If you had a background grid or series of lines, then an air pattern in front of it, then a grid on a transparent material or a mesh, then the observer, it would be a moire pattern modulated by the air. This would be easy for a human to look at, more work would be needed to adapt it to a camera because of the additional moire pattern from the camera’s image sensor grid.

        Imagine a rectangular fish tank, 16:9:x W:H:D where the depth x is the distance between the back and front grid. In air, other fluids, or even a combination of immiscible fluids, you could then see a 2d projection of the distortion on light paths by air, in the form of a 16:9 moire pattern. Someone with more time than me should do the math to see what dimensions the grid should be.

        Alternatively, if you used 45° lines on the background grid and -45° (315°) lines on the foreground grid, you might be able to make a visual that does one pattern for hot air and another for cold air, or fast/slow air etc.
        Think about the moire ship alignment indicators and imagine you’re looking at one from a distance and trying to measure the light distortion from the air between your eyes and the pattern.

    2. Using a changing background adds complication without any benefit. It offers nothing in terms of resistance to relative camera motion, as the camera motion will remain regardless of whether the background patter is the same or different each frame. The technique relies on measuring deltas within a single frame, so changing the background between frames has no effect on that.

  2. Heinrich Schlier and Valentina Schlier, née Streif, the physicist couple from Königsberg, invented the Schlieren Method together in 1864. It’s a beautiful circumstance that the method is called after the plural form of their family name, enabled by the peculiarities of the German language.

    1. Please don’t post creative but wrong info like that. Schlieren is simply the German name for that optical effect in liquids and translates to “streaks”. August Toepler is mostly credited for it because he kind of “standardized” the method…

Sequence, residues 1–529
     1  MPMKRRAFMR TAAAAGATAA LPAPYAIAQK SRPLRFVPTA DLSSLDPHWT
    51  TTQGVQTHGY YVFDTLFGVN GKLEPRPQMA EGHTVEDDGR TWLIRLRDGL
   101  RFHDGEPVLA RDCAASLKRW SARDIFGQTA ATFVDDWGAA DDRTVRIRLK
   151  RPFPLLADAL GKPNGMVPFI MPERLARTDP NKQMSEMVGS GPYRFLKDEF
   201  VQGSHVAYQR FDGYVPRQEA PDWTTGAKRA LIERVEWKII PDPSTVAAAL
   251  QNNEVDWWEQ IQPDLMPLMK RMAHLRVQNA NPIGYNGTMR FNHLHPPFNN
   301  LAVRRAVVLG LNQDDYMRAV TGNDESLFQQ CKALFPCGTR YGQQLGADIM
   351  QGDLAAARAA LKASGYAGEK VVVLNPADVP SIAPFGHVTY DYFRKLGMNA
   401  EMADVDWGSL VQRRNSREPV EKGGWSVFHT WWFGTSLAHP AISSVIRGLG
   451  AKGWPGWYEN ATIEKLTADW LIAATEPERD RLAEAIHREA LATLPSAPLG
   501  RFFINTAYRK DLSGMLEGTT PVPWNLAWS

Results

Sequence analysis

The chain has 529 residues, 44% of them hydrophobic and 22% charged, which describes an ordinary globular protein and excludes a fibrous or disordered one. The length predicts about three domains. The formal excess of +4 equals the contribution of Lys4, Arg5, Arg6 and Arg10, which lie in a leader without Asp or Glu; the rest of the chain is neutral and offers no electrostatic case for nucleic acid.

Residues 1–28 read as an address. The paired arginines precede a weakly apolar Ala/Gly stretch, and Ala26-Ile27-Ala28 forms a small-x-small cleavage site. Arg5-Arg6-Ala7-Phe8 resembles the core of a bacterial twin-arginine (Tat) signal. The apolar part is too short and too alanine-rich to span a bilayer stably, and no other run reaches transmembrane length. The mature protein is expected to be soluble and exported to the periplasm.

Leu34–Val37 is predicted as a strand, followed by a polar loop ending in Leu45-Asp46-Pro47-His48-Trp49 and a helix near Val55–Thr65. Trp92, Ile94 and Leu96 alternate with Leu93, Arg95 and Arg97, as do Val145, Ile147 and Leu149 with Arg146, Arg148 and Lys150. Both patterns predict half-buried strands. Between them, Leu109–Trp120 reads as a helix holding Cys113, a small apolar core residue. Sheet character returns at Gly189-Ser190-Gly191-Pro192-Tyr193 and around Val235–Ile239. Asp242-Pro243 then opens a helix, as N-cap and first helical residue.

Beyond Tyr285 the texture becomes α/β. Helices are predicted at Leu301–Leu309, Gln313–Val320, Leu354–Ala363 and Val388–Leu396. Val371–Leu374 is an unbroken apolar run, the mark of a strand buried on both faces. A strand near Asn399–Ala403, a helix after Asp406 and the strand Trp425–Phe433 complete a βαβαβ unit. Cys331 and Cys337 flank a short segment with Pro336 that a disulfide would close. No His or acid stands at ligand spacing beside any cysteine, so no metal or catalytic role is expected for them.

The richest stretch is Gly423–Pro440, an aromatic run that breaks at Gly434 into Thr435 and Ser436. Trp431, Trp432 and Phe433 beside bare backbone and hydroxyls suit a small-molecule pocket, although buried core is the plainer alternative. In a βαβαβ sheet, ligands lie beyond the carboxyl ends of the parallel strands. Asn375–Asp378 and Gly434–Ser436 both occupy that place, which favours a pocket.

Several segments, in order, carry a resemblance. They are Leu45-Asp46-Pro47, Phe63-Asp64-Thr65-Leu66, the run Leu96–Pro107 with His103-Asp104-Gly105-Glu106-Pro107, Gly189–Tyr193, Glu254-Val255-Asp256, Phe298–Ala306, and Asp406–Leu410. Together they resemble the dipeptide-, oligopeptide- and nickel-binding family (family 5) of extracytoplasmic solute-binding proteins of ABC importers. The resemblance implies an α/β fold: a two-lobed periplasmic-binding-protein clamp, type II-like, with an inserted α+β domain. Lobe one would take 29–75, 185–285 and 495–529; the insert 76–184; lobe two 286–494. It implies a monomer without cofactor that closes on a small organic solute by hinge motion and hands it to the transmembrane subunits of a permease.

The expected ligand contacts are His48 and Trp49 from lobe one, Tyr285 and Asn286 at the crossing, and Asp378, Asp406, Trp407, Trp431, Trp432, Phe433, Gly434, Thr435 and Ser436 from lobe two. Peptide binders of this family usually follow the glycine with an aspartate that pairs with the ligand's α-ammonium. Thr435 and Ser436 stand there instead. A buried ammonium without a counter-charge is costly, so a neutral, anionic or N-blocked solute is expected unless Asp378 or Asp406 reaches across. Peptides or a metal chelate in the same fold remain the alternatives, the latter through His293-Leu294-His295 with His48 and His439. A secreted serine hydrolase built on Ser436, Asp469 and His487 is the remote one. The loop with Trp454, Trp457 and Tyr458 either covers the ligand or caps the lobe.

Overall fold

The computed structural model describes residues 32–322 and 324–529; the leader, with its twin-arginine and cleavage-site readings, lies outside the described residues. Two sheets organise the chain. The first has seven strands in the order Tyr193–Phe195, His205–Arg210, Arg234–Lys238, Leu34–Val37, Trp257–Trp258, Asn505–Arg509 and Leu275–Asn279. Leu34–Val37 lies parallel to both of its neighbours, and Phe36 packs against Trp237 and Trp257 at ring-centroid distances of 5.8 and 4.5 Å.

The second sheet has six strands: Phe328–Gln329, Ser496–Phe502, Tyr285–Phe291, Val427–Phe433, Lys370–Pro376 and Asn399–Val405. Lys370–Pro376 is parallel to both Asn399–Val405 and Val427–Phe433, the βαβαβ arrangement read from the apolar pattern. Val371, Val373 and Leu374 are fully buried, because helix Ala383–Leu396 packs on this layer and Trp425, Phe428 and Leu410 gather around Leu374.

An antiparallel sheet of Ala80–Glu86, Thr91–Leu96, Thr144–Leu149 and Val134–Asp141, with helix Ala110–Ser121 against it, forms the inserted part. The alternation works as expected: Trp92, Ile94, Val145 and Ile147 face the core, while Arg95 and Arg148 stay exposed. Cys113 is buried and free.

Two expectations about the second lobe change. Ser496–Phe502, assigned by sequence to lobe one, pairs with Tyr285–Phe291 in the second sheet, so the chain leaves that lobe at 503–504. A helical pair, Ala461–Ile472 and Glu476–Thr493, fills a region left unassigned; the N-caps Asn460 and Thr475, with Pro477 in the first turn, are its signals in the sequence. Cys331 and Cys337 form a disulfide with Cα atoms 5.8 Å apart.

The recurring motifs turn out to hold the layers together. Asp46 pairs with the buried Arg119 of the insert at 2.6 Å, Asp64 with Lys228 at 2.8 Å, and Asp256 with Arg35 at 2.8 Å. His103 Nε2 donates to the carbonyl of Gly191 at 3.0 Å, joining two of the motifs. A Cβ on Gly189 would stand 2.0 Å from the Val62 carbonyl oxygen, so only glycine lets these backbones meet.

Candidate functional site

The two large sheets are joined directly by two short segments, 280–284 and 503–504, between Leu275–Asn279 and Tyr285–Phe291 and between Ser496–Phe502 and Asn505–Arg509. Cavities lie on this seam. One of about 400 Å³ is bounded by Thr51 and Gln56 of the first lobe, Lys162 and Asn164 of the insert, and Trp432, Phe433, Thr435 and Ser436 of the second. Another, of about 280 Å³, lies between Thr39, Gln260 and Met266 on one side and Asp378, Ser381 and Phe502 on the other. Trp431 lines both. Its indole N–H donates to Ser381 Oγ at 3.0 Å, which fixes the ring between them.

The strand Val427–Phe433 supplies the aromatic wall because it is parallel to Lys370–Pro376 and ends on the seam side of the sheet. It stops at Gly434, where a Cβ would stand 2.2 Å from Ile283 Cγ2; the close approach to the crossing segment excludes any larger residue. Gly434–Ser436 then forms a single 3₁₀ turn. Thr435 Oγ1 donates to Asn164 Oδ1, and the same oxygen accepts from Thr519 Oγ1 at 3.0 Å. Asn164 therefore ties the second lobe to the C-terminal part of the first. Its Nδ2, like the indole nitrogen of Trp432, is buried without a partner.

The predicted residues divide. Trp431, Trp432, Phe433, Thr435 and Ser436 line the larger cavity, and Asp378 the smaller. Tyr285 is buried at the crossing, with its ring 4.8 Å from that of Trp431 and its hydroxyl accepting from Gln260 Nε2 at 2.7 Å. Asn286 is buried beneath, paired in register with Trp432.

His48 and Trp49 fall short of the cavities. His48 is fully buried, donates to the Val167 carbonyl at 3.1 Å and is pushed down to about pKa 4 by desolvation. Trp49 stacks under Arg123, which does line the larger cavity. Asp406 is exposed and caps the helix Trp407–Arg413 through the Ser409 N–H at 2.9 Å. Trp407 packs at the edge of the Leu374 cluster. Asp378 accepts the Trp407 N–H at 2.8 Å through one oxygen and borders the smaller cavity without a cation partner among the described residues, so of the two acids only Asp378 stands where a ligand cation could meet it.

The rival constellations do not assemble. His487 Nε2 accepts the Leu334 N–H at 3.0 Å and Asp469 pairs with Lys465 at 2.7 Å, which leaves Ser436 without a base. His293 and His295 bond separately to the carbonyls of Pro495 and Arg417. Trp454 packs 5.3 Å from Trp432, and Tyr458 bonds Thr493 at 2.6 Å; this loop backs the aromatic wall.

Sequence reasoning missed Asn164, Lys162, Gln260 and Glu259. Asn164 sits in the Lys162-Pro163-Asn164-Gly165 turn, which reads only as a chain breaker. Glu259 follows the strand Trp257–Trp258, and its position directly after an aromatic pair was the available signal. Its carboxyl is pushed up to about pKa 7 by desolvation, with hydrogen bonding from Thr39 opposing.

Your “Heinrich Schlier and Valentina Schlier” are made up…

  3. Well! Learn something every day. I had assumed Schlieren imaging used an interference phenomenon as in the only examples I had seen up to now. The optical method uses the difference in path length (or refractive index), not the change in direction of the light as in this new technique. So the image must be quite different. The optical method is much faster (continuous realtime) but this new method is much easier. Off the top of my head it looks like the result is a tensor representing the displacements in the images. https://www.instructables.com/Schlieren-Imaging-How-to-see-air-flow/

    1. Eh, they both use the change in direction. The traditional technique detects the change by blocking some of the light that gets shifted with a knife-edge. This technique detects the shift with a high resolution image sensor directly. A mach-zehnder interferometer measures differences in path-length.

      1. Well, somehow I have managed to forget MORE than I ever knew. But my recollection is that it images the first or second derivative of the density field depending on with or without a knife edge. I don’t recall what those are called. Directional derivative and gradient? Something like that. The knife edge improves contrast by blocking light you don’t need.

  4. Back when I shout competitively we were trained to read the wind by watching the movement of the “mirage” (heat haze). We learnt to do it surprisingly accurately by eye. I assume this is the same effect? So I’d expect a computer could do a good job.

      1. I was hoping there was competitive shouting and was just about to look if there were any videos about it on You Tube. I expect it is very popular in the Alps.